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Judging a formulation by its cover

Judging a formulation by its cover
by Webmaster

Cosmetic purchases are as much emotional as they are rational. The initial impression left by the packaging can determine which formulation customers are drawn to in a store. Before ever encountering a formulation, a customer interacts with the packaging. From iconic packaging which remains unchanged for years, like the pink and green of Maybelline Great Lash, or cutting edge like AmorePacific’s squeezable tube mascara (now also seen with Dior). Packaging introduces a customer to a product and dictates how the customer can interact with a formulation.

The choice of packaging also expresses a brand identity and ethos. While Chapstick is iconic in it’s simple utilitarian packaging and use to prevent chapped lips, luxury lipsticks are designed to evoke desire and often sexuality. When Christian Louboutin launched his beauty line, he based the design of the nail polish bottle on a stiletto he had designed for the English National Ballet. The unwearable shoe was perhaps the ultimate demonstration of his infamous quote from British Vogue “I don’t want to create painful shoes, but it is not my job to create something comfortable. I try to make high heels as comfortable as they can be, but my priority is design, beauty and sexiness.” This sentiment carried over to his lipstick packaging in which the pointed heavy metal case is by no means practical to carry in a purse but is undeniably striking. The company goes so far as to sell it with a ribbon attached so it could be displayed as a necklace.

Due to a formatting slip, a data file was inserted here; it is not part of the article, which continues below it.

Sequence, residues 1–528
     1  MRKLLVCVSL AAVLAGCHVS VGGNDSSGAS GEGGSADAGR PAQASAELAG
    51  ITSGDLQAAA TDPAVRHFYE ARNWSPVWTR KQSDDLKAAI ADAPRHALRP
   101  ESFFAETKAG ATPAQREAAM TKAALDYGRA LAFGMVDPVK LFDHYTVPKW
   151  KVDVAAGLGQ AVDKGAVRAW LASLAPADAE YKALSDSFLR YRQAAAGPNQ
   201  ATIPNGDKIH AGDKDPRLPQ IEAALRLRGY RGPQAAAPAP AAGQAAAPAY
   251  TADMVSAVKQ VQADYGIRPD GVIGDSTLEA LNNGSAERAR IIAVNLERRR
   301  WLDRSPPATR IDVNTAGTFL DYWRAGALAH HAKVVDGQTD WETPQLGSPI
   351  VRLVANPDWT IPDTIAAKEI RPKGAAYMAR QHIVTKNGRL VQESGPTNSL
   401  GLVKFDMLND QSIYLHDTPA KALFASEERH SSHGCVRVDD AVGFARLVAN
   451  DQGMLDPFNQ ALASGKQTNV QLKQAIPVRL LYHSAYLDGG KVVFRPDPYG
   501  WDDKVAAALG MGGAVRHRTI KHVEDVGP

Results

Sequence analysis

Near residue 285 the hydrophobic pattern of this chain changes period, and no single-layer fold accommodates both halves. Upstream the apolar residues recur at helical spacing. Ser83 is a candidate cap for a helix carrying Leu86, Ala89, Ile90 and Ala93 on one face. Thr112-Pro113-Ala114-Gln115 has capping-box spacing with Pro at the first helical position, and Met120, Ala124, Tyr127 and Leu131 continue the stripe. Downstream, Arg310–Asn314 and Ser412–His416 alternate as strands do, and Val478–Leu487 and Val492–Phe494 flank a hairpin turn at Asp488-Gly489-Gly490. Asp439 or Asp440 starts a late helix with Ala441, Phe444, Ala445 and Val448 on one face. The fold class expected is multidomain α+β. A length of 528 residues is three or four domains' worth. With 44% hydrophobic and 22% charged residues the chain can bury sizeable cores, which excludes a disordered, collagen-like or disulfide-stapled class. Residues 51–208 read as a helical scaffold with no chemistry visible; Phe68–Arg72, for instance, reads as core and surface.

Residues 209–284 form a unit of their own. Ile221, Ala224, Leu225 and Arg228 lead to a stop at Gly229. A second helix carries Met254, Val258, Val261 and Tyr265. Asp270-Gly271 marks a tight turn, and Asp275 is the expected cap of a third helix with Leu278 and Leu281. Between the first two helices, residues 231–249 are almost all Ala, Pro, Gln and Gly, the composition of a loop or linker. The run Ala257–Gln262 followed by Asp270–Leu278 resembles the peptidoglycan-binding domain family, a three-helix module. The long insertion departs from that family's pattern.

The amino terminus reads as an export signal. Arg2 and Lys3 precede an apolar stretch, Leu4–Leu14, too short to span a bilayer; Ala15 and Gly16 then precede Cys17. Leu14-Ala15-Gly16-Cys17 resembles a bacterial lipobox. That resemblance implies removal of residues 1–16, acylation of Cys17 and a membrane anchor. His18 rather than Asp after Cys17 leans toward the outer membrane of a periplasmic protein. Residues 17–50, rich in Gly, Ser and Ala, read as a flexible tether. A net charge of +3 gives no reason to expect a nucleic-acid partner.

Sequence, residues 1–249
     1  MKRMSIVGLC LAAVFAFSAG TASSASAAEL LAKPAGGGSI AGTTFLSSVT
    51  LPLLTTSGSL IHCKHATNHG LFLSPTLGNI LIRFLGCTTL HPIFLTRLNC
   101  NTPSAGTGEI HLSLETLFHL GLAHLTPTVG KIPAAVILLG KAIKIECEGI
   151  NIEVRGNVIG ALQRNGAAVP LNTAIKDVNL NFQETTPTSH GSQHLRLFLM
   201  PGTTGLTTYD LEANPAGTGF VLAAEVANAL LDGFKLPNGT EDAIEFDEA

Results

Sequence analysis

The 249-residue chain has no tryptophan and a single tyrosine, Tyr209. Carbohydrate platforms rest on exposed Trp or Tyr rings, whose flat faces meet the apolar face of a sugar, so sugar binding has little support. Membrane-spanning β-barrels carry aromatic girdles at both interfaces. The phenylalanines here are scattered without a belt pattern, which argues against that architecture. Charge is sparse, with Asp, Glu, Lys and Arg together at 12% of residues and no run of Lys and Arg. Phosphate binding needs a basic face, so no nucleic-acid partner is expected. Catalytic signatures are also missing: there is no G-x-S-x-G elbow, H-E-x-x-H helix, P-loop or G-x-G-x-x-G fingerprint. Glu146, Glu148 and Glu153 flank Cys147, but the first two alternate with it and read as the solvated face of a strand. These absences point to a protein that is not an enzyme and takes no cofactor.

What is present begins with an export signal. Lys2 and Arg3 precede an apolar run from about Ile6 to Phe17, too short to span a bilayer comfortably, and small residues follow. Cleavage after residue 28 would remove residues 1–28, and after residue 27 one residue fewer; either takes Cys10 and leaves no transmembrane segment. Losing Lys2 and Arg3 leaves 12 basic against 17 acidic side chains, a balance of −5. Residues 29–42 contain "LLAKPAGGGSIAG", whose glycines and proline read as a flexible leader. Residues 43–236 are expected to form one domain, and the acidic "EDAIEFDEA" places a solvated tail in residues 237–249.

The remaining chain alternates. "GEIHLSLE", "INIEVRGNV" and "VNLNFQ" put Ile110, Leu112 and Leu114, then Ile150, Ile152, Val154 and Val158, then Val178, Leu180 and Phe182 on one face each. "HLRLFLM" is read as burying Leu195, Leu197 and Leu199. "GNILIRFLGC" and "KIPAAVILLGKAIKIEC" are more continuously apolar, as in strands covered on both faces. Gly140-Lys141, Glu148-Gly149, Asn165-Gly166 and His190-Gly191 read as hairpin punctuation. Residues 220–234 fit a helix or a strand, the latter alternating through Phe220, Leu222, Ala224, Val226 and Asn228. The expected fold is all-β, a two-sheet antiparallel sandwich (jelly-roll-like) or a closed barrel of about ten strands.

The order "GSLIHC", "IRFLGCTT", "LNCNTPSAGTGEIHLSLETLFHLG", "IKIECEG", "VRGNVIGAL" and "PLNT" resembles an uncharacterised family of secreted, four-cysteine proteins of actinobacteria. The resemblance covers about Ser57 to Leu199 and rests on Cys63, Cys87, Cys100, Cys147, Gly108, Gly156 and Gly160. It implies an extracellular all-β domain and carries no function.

Innovation has led to an expansion of choice in packaging and can change the way that consumers interact with their products. Eyeliner is available in countless formulations and packaging options from pots with angle brushes to rollerwheel pens. The choice of applicator can be as important to a consumer as the formulation so that they can achieve the look they want consistently with their make up.

Demand for innovation in packaging can also be driven by trends in formulation. As the free from preservative trend has gained traction, packaging which limits a formulations’ exposure to bacteria and air have become essential. Airless pumps also protect medical grade cosmetics from degrading over time. This behind the scenes use of packaging is invaluable to a formulator but often go unnoticed by consumers.

Packaging effects many aspects of a consumer’s interaction with a product. Formulations are often the stated focus of a customer’s choice when buying a product, but without the right packaging can make a product can suffer. Packaging makes formulations shine and it can draw in consumers before they experience a product.

Dr. Elizabeth Kaufman works at BYK as a senior research chemist in charge of surface and defoamer additives. She defended her PhD in polymer chemistry from NYU in 2017. Her work in the Weck group focused on the synthesis and biological applications of dendrimers. In 2014 she was awarded the Kramer Fellowship.